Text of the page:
Richard Eastman: “Legalization is a Trap House”

    When I met up with Richard Eastman at Gower’s Gulch in Hollywood to discuss his NUGL profile, I was fortunate to again find him in a talkative mood. Over the course of several discussions — mostly at and in front of Kebab Daddy, who’s employees and manager were so impressed with Richard’s gregariousness and work for weed that they threw in a free drink and baklava — we touched on Richard’s friendship and many collaborations with dearly departed cannabis legend Dennis Peron, his status as an icon for both the cannabis and AIDS communities, and his opinions about the current, past and future state of the cannabis industry. 

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    The laminated copy of Richard’s declaration from the City of Los Angeles that he carries with him to show journalists and fans

    Richard has long secured his legendary status in the cannabis culture and history; his extensive history as an activist for cannabis access and rights since first lighting up in 1957  includes organizing and partying with gay icon Harvey Milk while joining the fight for gay and cannabis rights in his birth city of San Francisco, opening the first ever cannabis buyers club and cannabis hotel in his hometown of Los Angeles in collaboration with Peron, and being a tireless and outspoken advocate for gay rights, justice and cannabis. It’s likely that they have inspired many to open a medical cannabis dispensary in their own area with his activism.

    Sunday, December 1st is World AIDS Awareness Day, and our conversations transpired just before that date, so we discussed his activism and involvement with AIDS research and treatment, and how the movement for access to medicinal cannabis has been intertwined;

    On his miraculous survival after being written off for dead, and living with AIDS, 25 years after diagnosis, and the absurdity of his remaining diagnosis: 

    December 1 is World AIDS Day. There’s like 36 to 40 million people living with HIV and AIDS in the world, and about an equal amount has died in the last 35 years. I’ve been living with HIV since 1994. I had 22 T-cells back in 1994. The city (of Los Angeles) just recently honored me for living for 25 years with AIDS and HIV. And now I have over 800 T cells.

    What does that mean? When you have less than 200 T-cells, the definition – according to the United States government – means AIDS. And that’s how people such as myself, the patients that are living with AIDS today, 25 years later still have an AIDS diagnosis because they can’t take that away.” 

    That’s right, once a person has been diagnosed with AIDS in the US, there is no way for that diagnosis to change, even if, like Richard, their immune systems have recovered to a point that they would not be diagnosed with the disease if tested for the first time today.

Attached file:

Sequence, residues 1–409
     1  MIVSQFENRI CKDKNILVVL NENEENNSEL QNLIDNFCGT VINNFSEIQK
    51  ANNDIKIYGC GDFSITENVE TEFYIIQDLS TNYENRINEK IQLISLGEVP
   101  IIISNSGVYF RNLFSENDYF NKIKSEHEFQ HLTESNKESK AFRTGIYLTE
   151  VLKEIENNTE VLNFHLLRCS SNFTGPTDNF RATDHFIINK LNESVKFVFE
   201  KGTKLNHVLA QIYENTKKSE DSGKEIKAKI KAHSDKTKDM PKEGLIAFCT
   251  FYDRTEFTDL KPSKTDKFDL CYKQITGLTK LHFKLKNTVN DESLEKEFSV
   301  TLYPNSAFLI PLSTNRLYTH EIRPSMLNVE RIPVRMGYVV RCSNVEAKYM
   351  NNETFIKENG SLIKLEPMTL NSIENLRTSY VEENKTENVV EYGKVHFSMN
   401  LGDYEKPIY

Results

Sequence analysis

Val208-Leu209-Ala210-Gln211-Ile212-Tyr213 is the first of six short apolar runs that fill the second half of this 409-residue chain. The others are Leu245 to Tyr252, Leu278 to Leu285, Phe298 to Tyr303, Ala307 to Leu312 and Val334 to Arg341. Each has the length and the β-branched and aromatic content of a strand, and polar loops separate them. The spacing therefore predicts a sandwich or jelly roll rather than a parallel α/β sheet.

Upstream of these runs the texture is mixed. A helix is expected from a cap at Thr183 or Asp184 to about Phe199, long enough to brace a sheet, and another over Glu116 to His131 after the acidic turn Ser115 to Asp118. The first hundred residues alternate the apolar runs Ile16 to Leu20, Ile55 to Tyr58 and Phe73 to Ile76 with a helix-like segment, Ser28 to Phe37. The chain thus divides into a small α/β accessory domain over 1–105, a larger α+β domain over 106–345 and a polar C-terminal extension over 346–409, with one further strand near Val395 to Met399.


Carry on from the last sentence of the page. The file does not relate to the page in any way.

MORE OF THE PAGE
“Even though it sounds confusing, because now I have 800 T-cells which should mean I’m HIV positive, or do I have AIDS? Technically I have AIDS. I had less than two years to live right at 22 T-cells, that was 23 years ago. A normal human being fluctuates, their T-cells can range anywhere from 500 to 2500 T-cells. Everybody has a genetic difference in their T cells. Average human being, male and female, has somewhere between 500-2500 T-cells. Some people might go their whole life and not have AIDS or cancer and only have 500 T-cells. There are people whose average is around 1500 T-cells. Okay? There are some people that have like 2000 T-cells. I’ve never heard of anything over 2500 T-cells — this is the immune system that fights anything including pneumonia and colds, and all the horrible things that happen to people [and are often deadly to AIDS patients with severely weakened immune systems]” 

    On his experimental treatments with legendary AIDS researcher and activist Dr. Charles Farthing:  “When Dr. Farthing, who’s dead now, asked me to be on the study for drugs. I was like, ‘Okay,’ I had to drink a horrible liquid, It was in liquid form, it tasted like gasoline, thank God, I only had to do that for a month or two until they developed it into a pill form. And then in the early days of HIV 25 years ago, I literally had to take 25 to 50 pills per day. Now it’s down to eight pills in the morning and four at night. So it’s about 12 pills that includes vitamins, fish oil, statins for triglycerides — some of the protease inhibitors to medications raise your triglycerides, which could be detrimental to your heart. I don’t eat a lot of fatty things, though it’s hard to avoid it because it’s in everything. But you know, from a life expectancy of two years 25 years ago to now a life expectancy of decades…”